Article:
In this lesson, you shall further practice the use of comparing fractions but this time you shall also put more practice into studying the numerators. You will need a fraction wall to help you with your activity which is provided in your learning packs.
- How do you compare the fractions 4/7 and 3/4? Refer back to your last lesson of learning.
- Today, we are comparing fractions slightly differently. In some cases the lowest common multiple of the denominators are a very large number and would take a lot of time to work out. In these instances, we can use the lowest common multiple of the numerator instead.
- Look at the two fractions below:
6/11 and 3/5
- You will notice that the lowest common multiple of these numbers is rather high (55). It can be solved an alternative way which shall require far less multiplication. we know that 6 is in the 3 times table (3x2) so we can simply make the numerators the same instead. We must also remember to multiply the denominator by 2 as well.
- We therefore get two fractions: 6/11 and 6/10. Using our fraction wall to help us. We can see that the larger the denominator, the smaller the pieces of the fraction actually are. Therefore 6/11 < 6/10.
- Use the same technique to compare the fractions below:
- 5/7 and 15/19.
- When confident, apply what you have learnt about comparing fractions through their denominators or numerators to solve the problems on the activity sheet.
LI: I can add and subtract fractions with different denominators.
Before beginning this lesson, refer back to this weeks learning so far. Recall how you have compared fractions through converting their denominators to the same value and what you have had to do to the numerators when you have done this.
- Watch the following video to learn more about adding and subtracting fractions:
- Now that you have watched the video, apply what you have learnt to solve:
3/10 + 2/5
- How did you get on? Can you explain what you did to solve the question?
- Did you get any of the following answers: 5/15; 7/10 or 5/10?
- Let's check which was correct.
- To solve the question, both the denominators should be the same. We can multiply 2/5 by 2 to make the denominators the same.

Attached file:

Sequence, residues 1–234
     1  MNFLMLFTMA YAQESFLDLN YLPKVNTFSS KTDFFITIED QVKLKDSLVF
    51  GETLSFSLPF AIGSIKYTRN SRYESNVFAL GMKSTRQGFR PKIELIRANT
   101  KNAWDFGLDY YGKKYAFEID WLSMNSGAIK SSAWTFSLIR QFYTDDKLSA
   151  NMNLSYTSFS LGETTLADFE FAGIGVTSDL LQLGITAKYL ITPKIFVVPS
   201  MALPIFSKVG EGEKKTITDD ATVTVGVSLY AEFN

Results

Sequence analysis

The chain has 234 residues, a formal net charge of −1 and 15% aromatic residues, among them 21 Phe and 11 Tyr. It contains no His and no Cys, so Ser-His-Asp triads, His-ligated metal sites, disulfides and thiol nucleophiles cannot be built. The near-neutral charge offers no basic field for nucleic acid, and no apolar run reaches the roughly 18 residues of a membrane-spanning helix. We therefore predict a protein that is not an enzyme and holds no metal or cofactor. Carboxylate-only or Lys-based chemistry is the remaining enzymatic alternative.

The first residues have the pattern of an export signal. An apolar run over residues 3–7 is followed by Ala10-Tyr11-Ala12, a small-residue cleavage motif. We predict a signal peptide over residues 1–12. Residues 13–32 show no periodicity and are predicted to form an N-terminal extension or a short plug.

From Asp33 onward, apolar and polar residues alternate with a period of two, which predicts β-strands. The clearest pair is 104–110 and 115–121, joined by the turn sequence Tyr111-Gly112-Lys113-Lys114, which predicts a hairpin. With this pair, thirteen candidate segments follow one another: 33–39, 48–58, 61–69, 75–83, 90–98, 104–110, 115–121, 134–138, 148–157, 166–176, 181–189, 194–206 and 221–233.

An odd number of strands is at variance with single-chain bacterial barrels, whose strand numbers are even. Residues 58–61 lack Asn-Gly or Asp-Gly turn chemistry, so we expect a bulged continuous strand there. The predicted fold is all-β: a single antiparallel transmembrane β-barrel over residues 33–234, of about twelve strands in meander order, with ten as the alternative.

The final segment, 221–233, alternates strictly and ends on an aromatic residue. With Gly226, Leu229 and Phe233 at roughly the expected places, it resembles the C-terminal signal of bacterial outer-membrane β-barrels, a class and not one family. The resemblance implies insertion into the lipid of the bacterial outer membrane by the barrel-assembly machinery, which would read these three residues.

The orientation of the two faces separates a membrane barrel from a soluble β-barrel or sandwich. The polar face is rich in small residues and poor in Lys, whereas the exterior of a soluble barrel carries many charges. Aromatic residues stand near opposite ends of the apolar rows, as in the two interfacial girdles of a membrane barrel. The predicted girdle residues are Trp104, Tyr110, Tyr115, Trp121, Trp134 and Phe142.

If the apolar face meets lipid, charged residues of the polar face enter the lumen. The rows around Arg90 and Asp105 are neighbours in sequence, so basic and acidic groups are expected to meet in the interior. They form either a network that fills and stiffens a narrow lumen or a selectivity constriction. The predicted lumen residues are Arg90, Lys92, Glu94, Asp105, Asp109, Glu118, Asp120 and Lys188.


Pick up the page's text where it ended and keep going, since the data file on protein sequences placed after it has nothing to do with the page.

- 2/5 x 2 = 4/10 as we also need to multiply the numerator.
- Now we have the question 3/10 + 4/10. We then add both the numerators together but do not add the denominators together.
- This gives us the answer of 7/10.
- Try doing the same for the following questions:
1) 7/9 - 1/3
2) 2/5 + 1/8
3) 9/11 - 3/7
- Move onto your activity sheet when confident.
LI: To be able to add mixed number fractions
Watch yesterday's video link from White Rose explaining how to add and subtract fractions with different denominators. You will be using this skill again, but enhancing it further through the use of mixed numbers.
- Before you begin, explain to somebody else what a mixed number is when we talk about fractions. What does it represent? Can you give an example of a mixed number?
- How could we also show a fraction that is larger than a whole but not as a mixed fraction?
- Considering what you have learnt from the video and yesterday's lesson. Attempt to solve: 1 whole and 1/3 + 1 whole and 3/8
- You could show the fractions as part of a bar graph like below to help you with your working out.
- We know that 1 whole add 1 whole makes 2 wholes, which we can see in the bar graph. But now we have to solve 1/3 + 3/8.
- To solve 1/3 + 3/8, we need to refer back to yesterday's learning of making the denominators the same. To do so we must find the lowest common multiple of 3 and 8. We can do so by multiplying the fraction by the other's denominator.
- 1/3 x 8 = 8/24 3/8 x 3 = 9/24
- So 8/24 + 9/24 = 17/24 but don't forget the 2 wholes!
- 1 1/3 + 1 3/8 = 2 17/24
- Use the same method for the following question:
1 1/4 + 2 2/5
- When complete, move onto your activity sheet.
Awards we have received so far.